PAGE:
He looked out across the mesas of information and the programs that worked it, and said, You don’t say.


The ISOs were born from the data sent from the experiments, Quorra had explained, an emergent phenomena from the complexity of the system his father had devised. They were warriors, completely separate and totally autonomous, different from  the user-created programs, the filters and the data crunchers.

We protect the data from attack, she had said.

The Consortium were fundies, a group of fringe nuts absolutely convinced that the work done at CERN would bring about the end of the world. A group of fringe nuts who had the skill of some expert programmers.

The battlefield was something out of nightmare. The worms sent by the Consortium were killing machines, larger than men, larger than the programs they were crushing. They were drawn to the datastreams. They fed on them, crunching them up and chewing them beyond recognition, beyond analysis. And they were also strong, and deadly.

But the ISOs were stronger, and deadlier, and they worked in teams that took down the worms faster than they could penetrate the Grid. He and his father watched as Quorra’s lightcycle sailed a semiconductor gap as she stood astride it, her disc in hand and at the ready. The cycle skimmed past a worm’s massive head and she drove the disc into it, shattering it into a constellation of incoherent bits.

You’ll learn to do that someday, his father said.

He shook his head. We had noticed significant slowdowns in the data processing cycles, he said, but we had no idea it was because of this. He gestured across the scene of carnage before them. No idea.


The whiteboard in his father’s study was densely covered with data and equations, a series of marching ants he immediately tried to untangle, on instinct. Have you been working on this all the while? he asked. How did you know all this?

Then he stopped, taken aback by some of the unexpected terms he saw. What’s this? he asked. This is new. You’re making a lot of assumptions here.

His father smiled, and said, they’re not assumptions.

And realization dawned somewhere between looking at the board and looking at his father’s Cheshire cat expression. You did it, he said, You found evidence of the Higgs. But as he looked at the equations with that thought in his head more things started to become clear. No, it’s more than that, he said. You’ve found more. This– this is an entirely new theory. You’re reinventing physics as we know it. How–?

How indeed.

He was surprised by his father’s bemused expression. But you worked on this, he said, trying to figure it out. Didn’t you?

His father shook his head.

Then who–?

He followed his father’s gaze. Leaning cheerfully over the counter, Quorra gave them both a little wave.

You did all this, he said.

It was a collaborative effort. The ISOs, we have a way of understanding the raw data we get from the beam that the other programs don’t have. We were born from the data, after all. And we see everything before it hits the filters.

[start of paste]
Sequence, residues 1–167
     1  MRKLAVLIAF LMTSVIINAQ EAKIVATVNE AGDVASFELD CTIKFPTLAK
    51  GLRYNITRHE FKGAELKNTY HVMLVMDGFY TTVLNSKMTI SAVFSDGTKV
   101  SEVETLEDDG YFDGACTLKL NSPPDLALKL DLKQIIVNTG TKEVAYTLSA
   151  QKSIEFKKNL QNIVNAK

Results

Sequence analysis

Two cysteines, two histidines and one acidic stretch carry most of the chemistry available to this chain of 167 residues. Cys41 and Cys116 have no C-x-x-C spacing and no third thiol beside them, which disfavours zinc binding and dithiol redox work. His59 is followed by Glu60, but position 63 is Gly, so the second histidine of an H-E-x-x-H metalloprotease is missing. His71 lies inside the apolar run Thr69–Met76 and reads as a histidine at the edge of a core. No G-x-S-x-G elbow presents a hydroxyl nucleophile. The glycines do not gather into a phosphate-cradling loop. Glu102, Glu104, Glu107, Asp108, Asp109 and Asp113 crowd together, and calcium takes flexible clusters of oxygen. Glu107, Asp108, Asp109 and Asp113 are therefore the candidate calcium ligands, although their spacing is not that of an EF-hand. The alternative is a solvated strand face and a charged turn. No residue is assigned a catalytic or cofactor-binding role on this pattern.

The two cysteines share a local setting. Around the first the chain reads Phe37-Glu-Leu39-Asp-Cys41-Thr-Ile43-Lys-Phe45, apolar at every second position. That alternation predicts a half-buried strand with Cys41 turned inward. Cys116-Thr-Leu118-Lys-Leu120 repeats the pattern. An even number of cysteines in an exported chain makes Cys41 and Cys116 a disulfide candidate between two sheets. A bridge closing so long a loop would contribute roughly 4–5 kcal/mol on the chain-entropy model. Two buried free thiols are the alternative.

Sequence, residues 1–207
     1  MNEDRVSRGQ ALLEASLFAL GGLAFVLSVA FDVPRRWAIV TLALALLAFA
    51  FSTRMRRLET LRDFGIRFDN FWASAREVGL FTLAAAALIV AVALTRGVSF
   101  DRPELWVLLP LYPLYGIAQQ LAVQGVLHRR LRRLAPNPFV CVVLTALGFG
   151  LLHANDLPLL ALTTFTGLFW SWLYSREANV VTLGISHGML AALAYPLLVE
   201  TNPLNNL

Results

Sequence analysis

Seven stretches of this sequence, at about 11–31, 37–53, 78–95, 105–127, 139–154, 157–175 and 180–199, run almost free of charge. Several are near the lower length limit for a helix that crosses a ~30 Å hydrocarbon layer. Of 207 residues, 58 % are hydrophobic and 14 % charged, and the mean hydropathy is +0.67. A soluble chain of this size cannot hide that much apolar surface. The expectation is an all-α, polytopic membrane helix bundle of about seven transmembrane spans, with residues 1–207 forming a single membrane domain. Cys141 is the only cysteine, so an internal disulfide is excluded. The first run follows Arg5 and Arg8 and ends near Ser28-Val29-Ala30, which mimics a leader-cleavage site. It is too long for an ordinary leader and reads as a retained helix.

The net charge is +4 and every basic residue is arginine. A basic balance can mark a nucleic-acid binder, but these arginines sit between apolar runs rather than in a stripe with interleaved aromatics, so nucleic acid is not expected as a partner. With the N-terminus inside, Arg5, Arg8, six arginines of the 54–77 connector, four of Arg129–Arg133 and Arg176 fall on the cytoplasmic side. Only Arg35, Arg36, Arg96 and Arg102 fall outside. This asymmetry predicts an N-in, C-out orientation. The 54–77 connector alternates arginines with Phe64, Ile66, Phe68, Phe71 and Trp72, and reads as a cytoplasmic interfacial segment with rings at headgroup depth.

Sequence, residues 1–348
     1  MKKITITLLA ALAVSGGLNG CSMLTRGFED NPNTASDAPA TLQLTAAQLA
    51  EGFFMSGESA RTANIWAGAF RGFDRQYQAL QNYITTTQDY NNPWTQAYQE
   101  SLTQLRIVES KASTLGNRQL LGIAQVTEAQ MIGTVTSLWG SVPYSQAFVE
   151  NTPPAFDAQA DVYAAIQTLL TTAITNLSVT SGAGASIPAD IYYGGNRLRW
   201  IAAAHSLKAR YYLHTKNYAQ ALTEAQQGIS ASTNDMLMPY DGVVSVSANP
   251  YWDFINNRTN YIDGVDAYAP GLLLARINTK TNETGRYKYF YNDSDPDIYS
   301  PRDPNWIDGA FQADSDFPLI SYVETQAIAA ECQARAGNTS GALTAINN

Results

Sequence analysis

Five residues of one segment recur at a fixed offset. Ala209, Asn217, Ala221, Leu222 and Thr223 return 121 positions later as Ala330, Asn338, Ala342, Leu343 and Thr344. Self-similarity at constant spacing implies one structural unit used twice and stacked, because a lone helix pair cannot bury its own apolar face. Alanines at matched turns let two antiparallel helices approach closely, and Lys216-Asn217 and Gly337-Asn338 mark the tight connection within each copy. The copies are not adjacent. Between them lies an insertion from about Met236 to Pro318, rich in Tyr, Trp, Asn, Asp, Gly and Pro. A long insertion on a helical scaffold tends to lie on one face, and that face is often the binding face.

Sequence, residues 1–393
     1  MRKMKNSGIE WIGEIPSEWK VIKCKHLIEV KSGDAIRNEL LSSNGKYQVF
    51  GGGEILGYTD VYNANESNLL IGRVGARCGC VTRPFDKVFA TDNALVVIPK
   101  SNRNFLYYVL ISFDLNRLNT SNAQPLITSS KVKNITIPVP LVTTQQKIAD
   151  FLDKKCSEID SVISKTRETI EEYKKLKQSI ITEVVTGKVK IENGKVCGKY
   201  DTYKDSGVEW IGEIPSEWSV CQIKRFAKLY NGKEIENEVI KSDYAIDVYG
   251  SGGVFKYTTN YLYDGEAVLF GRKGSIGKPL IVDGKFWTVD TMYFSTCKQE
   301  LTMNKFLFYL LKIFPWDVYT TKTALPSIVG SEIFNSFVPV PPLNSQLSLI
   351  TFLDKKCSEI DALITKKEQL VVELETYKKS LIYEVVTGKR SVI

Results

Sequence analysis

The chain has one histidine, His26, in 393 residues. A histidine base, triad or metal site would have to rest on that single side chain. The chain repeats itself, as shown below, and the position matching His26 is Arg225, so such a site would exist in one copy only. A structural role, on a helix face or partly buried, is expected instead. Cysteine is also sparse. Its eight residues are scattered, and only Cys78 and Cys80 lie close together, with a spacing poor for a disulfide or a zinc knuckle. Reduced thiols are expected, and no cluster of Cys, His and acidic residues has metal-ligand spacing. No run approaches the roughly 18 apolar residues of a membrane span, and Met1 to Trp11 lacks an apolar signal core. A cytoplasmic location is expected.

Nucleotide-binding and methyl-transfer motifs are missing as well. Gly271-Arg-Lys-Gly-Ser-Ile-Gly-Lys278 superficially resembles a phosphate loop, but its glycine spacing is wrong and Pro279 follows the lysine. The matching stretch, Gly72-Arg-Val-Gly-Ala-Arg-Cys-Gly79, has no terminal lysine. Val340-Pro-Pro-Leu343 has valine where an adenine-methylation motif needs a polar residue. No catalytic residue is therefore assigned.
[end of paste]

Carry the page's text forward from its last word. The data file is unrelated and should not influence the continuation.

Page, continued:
He tried to keep the awe from his voice as he said, But all this discovery. The world needs to know about it. Don’t you have a way of sending messages out?

She shook her head. We don’t.


Who’s that, he asked Quorra, pointing to the man in the distance, standing on a hill, talking to some of the other ISOs.

You don’t know?

That’s why I’m asking.

But you wrote him.

I what? Then it dawned on him. The Synchrotron Data Management Program?

Tron. Yes. Then her nose wrinkled. Is that really what you called him? He’s not a manager. He’s a fighter, like us.

I’m not sure my bosses would have approved of Ass-Kicking Warrior Program.

She laughed at that. And then said, I cannot wait until you start helping your father with his work on improving the Grid.

But I’m not, he said. He blinked. What is this? What has he been saying.

She just stared at him.


He hated yelling at people, but dealing with his father just brought it out in him, like he was ten years old again and just couldn’t get him to see reason.

What else would you do here, his father said, sounding confused.

I don’t know. I don’t fucking know. But what I know is that you don’t get to decide that for me. Don’t go making plans about my future without even telling me about it. I’m not a child anymore.


Because it had never been about the science, or solving the mysteries of the universe. it had always been about being a particle physicist. It had been about giving up guitar lessons for math enrichment classes, it had been about forcing himself through every quantum mechanics class in college so that he had something for the CERN studentship application. It had been about turning down the offer from SLAC and hauling ass all the way to Switzerland and learning to speak two different foreign languages just so he could carry on his father’s legacy.

I’m sick of it, he said. I’m done.


Where will you go? she asked him, as he packed a carry bag with a few items he was sure he would not need.

Don’t know yet, he said, zipping it up.

Well, she said, shrugging, you’ve got to do whatever you feel is right.

Well. It’s user’s privilege, I suppose. I wish I could give you that. I wish you could have that kind of freedom.

She tilted her head. What makes you think I don’t?

And that line stayed with him. Stayed with him as he traveled the data mesas and semiconductor fields, as he thought about his life and everything that had passed before, as he wondered how much of it was really relevant in this world he had not come to expect.

He watched, from a distance, at the glimmers of light swarming over another worm infestation. It was a fight that the world would never see.

That’s not right, he said to himself.


You’re back, Quorra had said, and hugged him, but his father had merely smiled and nodded, as if he’d always known that Sam would come back. It didn’t matter.

I can’t believe that we have all this computing firepower at our disposal, and no way of communicating with the outside world, he said.

Probably should get working on that then, his father said.